When the payment channel is closed, all transactions are completed. Once again, two normal bitcoin transactions were needed to open and close the payment channel. It is clear that by shortening the lock time, trustless payments can take place in two directions. The amounts of BTC sent and the number of days of locktime from these scenarios have been chosen purely as a convenient example: in reality, the amounts will vary and the locktime on transactions will be less far apart. A payment channel is best suited for smaller amounts, where it is desirable to avoid expensive fees. For sending large amounts, paying the fee for a normal transaction will probably be preferable.

The advantages

  • Transactions are immediately final. When receiving a transaction, Alice and Bob are sure of a payment in the future. There is no need to wait for confirmation in the blockchain.
  • Real micro-payments become possible. It is currently too expensive to send a transaction of 0.00000001 BTC. Payment channels make it possible to do many of these types of transactions without paying high fees. The transactions are simply “saved” and settled once on the blockchain when the payment channel is closed.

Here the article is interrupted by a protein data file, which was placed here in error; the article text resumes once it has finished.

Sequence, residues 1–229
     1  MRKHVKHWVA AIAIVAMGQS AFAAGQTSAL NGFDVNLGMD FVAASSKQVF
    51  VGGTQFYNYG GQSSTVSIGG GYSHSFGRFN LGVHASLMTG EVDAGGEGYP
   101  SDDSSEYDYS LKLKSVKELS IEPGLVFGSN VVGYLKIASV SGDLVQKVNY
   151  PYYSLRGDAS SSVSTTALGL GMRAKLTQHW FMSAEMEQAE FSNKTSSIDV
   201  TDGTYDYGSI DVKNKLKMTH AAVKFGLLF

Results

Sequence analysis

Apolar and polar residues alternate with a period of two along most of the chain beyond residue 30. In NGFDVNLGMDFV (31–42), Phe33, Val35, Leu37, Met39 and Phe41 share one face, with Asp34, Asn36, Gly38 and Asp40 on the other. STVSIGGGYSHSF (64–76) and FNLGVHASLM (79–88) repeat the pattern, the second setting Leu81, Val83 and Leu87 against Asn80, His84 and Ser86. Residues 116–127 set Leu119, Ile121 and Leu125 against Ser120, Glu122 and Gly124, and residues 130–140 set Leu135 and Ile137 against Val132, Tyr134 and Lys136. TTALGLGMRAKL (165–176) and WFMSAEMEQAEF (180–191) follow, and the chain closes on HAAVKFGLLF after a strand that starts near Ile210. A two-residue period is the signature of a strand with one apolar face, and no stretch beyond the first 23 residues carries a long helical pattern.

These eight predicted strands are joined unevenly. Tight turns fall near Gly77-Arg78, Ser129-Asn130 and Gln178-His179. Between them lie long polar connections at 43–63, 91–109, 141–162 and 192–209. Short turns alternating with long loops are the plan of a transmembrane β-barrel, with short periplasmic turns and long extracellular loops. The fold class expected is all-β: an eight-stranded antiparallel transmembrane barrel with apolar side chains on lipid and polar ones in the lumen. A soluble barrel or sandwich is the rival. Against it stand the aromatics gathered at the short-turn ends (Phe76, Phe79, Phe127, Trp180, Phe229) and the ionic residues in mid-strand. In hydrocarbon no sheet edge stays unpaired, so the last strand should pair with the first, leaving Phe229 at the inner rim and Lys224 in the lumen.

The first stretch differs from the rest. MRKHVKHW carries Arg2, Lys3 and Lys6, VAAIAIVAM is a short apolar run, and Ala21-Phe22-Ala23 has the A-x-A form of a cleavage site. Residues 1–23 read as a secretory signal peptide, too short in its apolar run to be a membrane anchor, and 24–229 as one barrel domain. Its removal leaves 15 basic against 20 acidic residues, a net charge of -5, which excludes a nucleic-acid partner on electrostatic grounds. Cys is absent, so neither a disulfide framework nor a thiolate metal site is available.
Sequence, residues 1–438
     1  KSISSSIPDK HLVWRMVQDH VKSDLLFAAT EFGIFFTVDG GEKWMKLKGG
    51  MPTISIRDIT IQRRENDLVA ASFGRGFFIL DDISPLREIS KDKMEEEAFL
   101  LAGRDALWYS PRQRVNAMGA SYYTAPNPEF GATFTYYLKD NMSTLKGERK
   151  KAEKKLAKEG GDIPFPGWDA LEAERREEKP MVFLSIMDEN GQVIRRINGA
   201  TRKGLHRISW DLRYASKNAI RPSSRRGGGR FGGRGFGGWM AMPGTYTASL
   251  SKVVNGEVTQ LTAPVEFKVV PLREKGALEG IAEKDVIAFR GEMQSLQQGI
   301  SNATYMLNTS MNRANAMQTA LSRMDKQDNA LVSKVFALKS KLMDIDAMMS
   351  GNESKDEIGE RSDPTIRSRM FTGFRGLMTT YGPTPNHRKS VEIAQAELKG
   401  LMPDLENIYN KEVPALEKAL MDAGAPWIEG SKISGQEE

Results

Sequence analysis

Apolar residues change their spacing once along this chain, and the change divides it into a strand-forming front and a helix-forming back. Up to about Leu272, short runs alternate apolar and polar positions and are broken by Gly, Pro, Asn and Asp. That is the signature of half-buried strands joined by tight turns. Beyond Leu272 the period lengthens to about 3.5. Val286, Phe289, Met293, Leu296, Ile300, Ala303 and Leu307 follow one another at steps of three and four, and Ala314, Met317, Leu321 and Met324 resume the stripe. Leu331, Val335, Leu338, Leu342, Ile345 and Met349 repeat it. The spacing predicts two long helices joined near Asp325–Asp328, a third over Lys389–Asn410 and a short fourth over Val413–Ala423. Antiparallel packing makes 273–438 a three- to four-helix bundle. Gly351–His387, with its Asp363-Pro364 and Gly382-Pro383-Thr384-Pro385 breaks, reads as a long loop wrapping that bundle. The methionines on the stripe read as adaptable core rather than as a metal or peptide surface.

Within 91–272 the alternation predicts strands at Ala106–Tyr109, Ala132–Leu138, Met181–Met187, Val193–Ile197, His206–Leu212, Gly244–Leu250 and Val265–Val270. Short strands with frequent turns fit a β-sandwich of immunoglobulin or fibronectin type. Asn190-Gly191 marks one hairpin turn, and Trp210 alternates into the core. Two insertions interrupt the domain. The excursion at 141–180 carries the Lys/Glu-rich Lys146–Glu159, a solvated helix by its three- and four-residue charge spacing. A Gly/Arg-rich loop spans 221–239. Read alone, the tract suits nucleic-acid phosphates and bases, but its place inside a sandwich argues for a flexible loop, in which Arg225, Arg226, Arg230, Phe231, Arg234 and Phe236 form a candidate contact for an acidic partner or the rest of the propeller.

• Despite the benefits, making transactions remains trustless. None of the parties involved need to trust each other. This is an important feature, because the bitcoin network revolves around reducing or eliminating the need for trust as far as possible.

The Lightning Network

Payment channels are the basis for the Lightning Network. It is possible to link a payment channel between Alice (A) and Bob (B) to a payment channel between Bob and Carol (C), which in turn can be linked to a payment channel between Carol and Dave (D). This makes it possible for Alice to make a payment to Carol or Dave, without Alice having a payment channel open with either of them. This is the origin of the Lightning Network. We will explain how payment channels can be extended to the Lightning Network in a subsequent article.